Category Archives: Psychology in Organizations


LOGOWPMCAfter years of advising entrepreneurial partnerships and family businesses – often working collaboratively with their financial and legal advisors – it continues to be puzzling:  why don’t they plan adequately for succession when it makes no rational sense not to?

Well, the short answer is: because it makes a-rational (and sometimes irrational) sense not to.  But only by addressing the psychological and emotional issues everyone would rather avoid can rational decision making rule the day.  What are these issues that – unresolved – spell DISASTER?  With thanks to the research and in-the-field expertise of my colleagues, present and past,  I offer my own take on the founder and family issues to consider.  A  primer:

D eath –

  • The Founder:  “I’m gonna live forever” attitude – or s/he simply doesn’t want to face her/his own demise.
  • The Family:   Taboo to talk about mom/dad’s death, not to mention life afterward?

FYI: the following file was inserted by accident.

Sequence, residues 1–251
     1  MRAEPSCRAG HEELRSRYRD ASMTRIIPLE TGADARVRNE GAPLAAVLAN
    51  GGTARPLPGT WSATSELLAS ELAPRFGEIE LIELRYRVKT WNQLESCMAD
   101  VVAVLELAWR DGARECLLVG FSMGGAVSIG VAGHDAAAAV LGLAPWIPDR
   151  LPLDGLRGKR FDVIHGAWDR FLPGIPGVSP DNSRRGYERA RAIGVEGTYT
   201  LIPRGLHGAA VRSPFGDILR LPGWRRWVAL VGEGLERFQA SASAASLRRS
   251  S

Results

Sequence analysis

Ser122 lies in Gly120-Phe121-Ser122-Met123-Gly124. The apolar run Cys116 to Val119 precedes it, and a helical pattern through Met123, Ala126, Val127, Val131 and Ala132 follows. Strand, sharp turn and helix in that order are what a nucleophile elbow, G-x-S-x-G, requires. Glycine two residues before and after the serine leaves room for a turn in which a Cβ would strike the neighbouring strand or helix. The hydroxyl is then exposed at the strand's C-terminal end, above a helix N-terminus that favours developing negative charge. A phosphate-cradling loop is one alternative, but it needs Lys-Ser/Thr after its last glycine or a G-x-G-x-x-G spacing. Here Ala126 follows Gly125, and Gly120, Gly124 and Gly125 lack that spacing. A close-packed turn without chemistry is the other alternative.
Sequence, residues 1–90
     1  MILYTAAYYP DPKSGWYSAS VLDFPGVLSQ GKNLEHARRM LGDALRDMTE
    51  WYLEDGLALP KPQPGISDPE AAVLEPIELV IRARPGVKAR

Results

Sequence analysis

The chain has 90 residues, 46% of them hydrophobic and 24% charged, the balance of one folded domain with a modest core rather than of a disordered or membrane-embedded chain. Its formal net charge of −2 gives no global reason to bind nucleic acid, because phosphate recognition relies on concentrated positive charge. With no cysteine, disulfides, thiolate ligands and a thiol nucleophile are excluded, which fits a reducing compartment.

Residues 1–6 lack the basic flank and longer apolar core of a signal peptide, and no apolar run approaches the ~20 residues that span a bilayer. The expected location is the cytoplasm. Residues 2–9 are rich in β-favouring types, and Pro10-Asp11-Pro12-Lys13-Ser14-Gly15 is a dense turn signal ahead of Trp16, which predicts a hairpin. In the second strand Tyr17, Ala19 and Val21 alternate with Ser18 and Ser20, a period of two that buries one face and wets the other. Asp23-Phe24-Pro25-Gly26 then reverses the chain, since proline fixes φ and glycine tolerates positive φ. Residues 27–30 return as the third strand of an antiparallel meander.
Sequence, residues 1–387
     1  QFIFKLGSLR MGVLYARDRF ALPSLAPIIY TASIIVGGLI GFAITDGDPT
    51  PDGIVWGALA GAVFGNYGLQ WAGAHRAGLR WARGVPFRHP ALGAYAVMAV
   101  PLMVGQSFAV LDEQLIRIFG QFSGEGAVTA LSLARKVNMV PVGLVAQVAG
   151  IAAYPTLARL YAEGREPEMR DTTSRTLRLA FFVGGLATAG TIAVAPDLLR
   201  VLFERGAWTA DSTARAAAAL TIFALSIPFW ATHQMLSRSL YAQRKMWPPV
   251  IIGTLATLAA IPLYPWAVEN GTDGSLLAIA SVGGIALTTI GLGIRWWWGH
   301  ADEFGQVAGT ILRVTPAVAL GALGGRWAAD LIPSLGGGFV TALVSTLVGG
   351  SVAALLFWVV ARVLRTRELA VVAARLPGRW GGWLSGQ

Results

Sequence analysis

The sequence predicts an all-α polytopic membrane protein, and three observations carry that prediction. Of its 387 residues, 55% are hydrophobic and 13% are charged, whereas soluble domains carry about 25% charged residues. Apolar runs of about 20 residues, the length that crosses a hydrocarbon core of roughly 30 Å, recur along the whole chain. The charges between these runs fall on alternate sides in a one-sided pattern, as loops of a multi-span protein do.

I dentity –

  • The Founder:  “Who am I without the business?”  S/he fears loss of identity, which is bound up with the company s/he created.
  • The Family:    They worry about the Founder without the business – and the business without the Founder.

S upremacy –

  • The Founder:  “I’ve still got what it takes, they won’t know how to run this company without me.”  S/he doesn’t want to relinquish power and control.
  • The Family:    How to wrestle with the head of the family about a different vision for the firm’s future, when s/he is still the one in control.

A mbivalence –

  • The Founder:  “Of course I want my kids to take over.”  But s/he somehow undermines that process…
  • The Family:     The next generation want to take over, but feel guilty about pushing mom/dad out.  And the spouse may both want and fear retirement.